Michiganders throw away about $368 million-worth of recyclable materials each year, especially plastic packaging, cardboard, and paper, according to a 2016 state report that looked at the content of landfills.
Bills currently before the Legislature would promote new recycling and composting requirements that backers say would increase recycling opportunities and enforcement in the state.
The bills seek to increase Michigan’s 18% recycling rate — compared to the national average of 34% — by requiring counties to create recycling plans, increasing regulation and the cost of dumping in landfills, and encouraging development of new uses for recyclables.
The bills passed the state House in April and now await a vote by a state Senate committee.
‘A BUILDING ENERGY’
Northeast Michigan’s increase in waste in the past year, even as the state threw less away, might correspond to fewer recycling options in the region than downstate, according to John Ozoga, assistant district supervisor for the EGLE Materials Management Division.
Flechter, the recycling specialist for EGLE, said a statewide analysis showed a need for improved collection and processing opportunities in the region.
The Alpena Resource Recovery facility, where workers sort the region’s recyclables and send them to processors, is the smallest such facility in the state, according to NextCycle Michigan, an EGLE initiative focused on reducing the 6.8 million tons of recyclable material in Michigan landfills.
Recycling generated in the county long ago outgrew the facility on M-32 West, near the Alpena airport, according to Diane Rekowski, who oversees waste planning for the Alpena region as executive director of the Northeast Michigan Council of Governments.
Check out the interactive graphics below showing details of Northeast Michigan waste management. Story continues below graphics.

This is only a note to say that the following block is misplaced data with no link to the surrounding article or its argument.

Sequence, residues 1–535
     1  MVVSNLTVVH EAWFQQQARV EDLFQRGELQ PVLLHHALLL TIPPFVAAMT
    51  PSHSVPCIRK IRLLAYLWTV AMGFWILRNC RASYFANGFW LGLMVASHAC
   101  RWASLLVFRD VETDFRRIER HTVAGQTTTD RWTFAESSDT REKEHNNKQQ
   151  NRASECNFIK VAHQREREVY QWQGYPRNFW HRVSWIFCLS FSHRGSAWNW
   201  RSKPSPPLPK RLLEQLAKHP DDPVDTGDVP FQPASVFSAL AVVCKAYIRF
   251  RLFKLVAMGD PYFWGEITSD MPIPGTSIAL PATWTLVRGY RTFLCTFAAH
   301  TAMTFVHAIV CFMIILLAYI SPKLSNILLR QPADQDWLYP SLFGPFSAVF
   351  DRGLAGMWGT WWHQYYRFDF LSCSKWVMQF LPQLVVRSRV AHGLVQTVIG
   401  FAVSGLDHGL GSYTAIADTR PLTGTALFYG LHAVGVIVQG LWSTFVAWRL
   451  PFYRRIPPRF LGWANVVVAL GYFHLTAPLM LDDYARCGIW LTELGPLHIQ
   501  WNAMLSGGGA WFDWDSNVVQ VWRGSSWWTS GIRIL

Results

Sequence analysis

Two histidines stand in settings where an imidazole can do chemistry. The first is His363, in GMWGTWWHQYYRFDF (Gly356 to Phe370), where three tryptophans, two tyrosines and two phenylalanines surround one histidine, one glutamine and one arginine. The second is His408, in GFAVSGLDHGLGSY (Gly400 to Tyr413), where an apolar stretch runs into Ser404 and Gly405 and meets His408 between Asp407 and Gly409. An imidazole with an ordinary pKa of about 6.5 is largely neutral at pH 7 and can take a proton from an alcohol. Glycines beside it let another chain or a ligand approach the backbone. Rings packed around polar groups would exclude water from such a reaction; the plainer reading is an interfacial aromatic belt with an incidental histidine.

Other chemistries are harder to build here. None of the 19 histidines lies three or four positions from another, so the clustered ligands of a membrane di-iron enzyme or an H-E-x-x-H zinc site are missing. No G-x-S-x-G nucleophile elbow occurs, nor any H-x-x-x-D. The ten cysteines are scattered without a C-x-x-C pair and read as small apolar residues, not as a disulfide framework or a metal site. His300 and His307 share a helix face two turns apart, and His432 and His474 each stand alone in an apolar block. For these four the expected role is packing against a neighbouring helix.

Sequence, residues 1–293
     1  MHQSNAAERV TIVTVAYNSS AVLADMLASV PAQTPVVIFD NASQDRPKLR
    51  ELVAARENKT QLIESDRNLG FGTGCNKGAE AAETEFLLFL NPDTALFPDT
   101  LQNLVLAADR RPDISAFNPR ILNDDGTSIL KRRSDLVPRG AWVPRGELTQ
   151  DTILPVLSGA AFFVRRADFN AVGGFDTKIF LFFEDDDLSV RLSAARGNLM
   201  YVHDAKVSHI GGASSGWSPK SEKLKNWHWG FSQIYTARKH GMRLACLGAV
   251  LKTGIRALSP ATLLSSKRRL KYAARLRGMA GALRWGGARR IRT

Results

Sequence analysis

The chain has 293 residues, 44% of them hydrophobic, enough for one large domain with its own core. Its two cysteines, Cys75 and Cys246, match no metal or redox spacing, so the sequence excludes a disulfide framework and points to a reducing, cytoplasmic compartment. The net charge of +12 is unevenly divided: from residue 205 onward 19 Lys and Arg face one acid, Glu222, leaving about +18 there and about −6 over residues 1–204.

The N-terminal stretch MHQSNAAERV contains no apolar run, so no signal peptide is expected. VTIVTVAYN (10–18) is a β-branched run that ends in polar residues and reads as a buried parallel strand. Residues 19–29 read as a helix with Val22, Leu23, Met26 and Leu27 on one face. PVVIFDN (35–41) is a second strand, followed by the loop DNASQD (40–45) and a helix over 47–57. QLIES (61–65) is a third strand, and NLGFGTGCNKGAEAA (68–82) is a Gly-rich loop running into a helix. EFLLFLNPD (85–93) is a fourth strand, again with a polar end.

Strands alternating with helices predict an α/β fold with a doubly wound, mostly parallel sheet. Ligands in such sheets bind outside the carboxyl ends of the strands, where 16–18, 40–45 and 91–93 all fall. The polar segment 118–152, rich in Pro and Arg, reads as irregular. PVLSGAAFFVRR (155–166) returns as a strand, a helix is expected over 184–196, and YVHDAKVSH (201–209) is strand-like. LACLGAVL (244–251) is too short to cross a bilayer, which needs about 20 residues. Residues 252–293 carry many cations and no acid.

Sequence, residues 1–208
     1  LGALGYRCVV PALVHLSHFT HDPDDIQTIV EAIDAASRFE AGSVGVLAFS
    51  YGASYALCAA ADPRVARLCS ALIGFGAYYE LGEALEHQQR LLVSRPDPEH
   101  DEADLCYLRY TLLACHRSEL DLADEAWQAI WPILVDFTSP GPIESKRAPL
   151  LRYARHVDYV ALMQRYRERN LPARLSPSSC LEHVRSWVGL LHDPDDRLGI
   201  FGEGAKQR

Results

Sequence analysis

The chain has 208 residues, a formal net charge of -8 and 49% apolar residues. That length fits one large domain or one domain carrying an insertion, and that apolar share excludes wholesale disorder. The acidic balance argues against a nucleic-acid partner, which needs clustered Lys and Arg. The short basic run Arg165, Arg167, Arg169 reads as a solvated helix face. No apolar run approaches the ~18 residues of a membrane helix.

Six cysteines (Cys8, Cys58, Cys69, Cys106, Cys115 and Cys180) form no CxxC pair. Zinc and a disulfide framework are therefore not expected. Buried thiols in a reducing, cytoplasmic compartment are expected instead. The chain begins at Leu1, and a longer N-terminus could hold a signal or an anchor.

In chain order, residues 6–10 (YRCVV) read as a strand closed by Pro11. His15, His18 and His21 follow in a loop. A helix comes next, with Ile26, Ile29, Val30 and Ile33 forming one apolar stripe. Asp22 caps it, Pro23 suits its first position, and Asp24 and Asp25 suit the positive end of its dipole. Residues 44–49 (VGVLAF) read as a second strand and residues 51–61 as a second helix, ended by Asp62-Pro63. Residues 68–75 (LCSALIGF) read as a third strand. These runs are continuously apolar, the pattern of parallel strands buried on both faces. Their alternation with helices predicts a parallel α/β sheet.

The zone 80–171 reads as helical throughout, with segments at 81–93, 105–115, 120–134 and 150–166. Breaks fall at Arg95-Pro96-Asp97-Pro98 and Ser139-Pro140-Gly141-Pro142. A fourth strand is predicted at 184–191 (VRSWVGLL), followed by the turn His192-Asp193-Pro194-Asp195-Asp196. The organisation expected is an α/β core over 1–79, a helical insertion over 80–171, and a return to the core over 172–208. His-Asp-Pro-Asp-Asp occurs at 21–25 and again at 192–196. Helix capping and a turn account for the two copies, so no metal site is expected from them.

Alpena County commissioners approved a request from the Resource Recovery board to use land at the Alpena County Regional Airport for a new recycling facility, pending approval by the Federal Aviation Administration. The building would occupy space on the west side of the property, away from the airfield.
A project 20 years in the making, a new building would provide space for mechanized sorting and set Alpena up as a hub for recycling from area counties, Rekowski said.
The state and other sources would help pay for such a building, according to Flechter.
Northeast Michigan has caught the eye of the state as an area “ripe for investment in the recycling system,” he said.
A lack of processing facilities — which turn plastics and other goods into new products — within easy reach of Alpena drives up the cost of recycling here.
However, Flechter reported “a building energy” among Northeast Michigan government leaders eager to solve the problem.
Government officials and other leaders have visited a processing facility in Emmet County that Flechter called a “shining star” in recycling, learning how a similar system might work in the Alpena area, Flechter said.
Such interest could keep local landfills from filling fast and give residents a better option than throwing their trash away, he said.
When it comes to trash, “there is no ‘away,'” Flechter said. “Landfills are just storage places for our children’s children to take care of after we’re gone.”
Julie Riddle can be reached at 989-358-5693, firstname.lastname@example.org or on Twitter @jriddleX.